I’ve found a lot of inspiration from other’s debt-free journeys, so this is mine.
When I started my job in September 2014, I owed $10,678.28 on my student loan. That was my only debt, but it weighed heavily on me.
I graduated 10 years ago next month with $19,125 in debt (plus interest). Between graduate school and unemployment, I had 5 years of deferment, of which I took complete advantage. That means it took me 5 years to pay down my debt which is longer than I would have liked, but half of that payoff has been in the last 8 months.
When I accepted my current job last fall, I wasn’t sure that I’d be able to pay more than the minimum payments on my loan. On paper, that was all I could afford. But with single-minded focus, I was able to find the money needed to pay almost $1,000 a month.
I really didn’t expect to have it paid off that quickly. I made my debt thermometer with the stretch goal of having my loan paid off in December. Turns out, that wasn’t much of a stretch.
Including interest, I paid $10,865.27 in 7 1/2 months. So how did I do it?
$1092 – Regular monthly payments (if that’s all I had paid, I would still owe almost $10k!)
$3000 – Savings which I emptied out to finish paying off my loan
$1732.38 – Income earned from working overtime
$1350.37 – Extra paychecks. I get paid every 2 weeks, but I budget for 2 paychecks/month. The bulk of those 2 extra paychecks went to my student loans.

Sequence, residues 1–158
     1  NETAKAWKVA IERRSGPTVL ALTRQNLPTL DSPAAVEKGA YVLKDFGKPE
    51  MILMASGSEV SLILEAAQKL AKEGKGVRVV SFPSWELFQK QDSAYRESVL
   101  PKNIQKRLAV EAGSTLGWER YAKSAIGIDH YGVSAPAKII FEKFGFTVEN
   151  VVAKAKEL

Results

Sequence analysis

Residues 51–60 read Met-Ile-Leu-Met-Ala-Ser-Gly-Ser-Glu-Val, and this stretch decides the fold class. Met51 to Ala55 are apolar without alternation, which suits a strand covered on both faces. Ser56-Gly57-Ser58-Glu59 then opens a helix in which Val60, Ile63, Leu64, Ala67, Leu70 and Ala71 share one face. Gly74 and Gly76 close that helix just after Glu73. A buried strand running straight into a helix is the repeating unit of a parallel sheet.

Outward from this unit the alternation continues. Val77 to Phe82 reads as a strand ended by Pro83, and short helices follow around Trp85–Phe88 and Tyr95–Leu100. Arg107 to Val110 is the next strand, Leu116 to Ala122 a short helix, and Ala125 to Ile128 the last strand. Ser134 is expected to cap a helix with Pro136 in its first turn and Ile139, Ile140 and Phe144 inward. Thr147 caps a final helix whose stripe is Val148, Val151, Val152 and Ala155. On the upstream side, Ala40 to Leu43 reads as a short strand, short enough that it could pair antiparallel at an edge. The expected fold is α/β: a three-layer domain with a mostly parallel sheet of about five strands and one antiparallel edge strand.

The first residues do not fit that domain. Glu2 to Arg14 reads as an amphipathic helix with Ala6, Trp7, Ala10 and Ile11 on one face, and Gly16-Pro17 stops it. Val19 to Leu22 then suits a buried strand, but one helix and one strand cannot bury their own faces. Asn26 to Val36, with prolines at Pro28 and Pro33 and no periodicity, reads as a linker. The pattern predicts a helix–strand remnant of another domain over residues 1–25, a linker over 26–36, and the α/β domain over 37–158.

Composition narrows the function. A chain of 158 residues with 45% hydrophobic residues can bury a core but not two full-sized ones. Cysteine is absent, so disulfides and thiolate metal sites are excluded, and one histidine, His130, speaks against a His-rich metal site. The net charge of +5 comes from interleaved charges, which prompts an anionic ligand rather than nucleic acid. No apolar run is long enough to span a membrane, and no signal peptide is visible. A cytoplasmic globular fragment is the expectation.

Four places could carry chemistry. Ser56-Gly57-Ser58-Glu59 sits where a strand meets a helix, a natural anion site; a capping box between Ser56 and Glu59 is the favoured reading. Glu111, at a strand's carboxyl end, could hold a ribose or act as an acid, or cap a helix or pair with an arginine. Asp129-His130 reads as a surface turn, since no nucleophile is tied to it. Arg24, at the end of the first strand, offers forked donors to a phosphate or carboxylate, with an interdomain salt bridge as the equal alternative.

$1085 – Tax refund. I don’t recommend saving in the no-interest bank of Uncle Sam, but not working for several months isn’t factored into the tax withholding tables so I had extra withholding coming to me.
$938.16 – Extra income from working a non-standard shift (since I prefer these hours, it’s definitely a win-win)
$465.96 – Work bonus
$391.61 – Cash gifts I received
$353.64 – Redirected money from over-budgeting
$254.51 – Redirected money from my “Buy Little” month
$136.19 – Money from credit card rewards (don’t worry, I pay off charges as soon as it hit the card)
$58 – Income from odd jobs
$7.45 – Interest on my savings account
When I compiled this list two things stood out to me:
Every little bit counts, and
I could have reasonably been justified to spend any of this on other things. While I haven’t completely deprived myself, I have largely chosen to deny instant gratification in order to accomplish this larger goal.
It was worth it to be free from debt. I can now choose to do other things with my money and let interest work for me, not against me.
So I celebrated by creating a new set of thermometers. Maybe I should aim for completing these 7 months before my stretch goal date as well?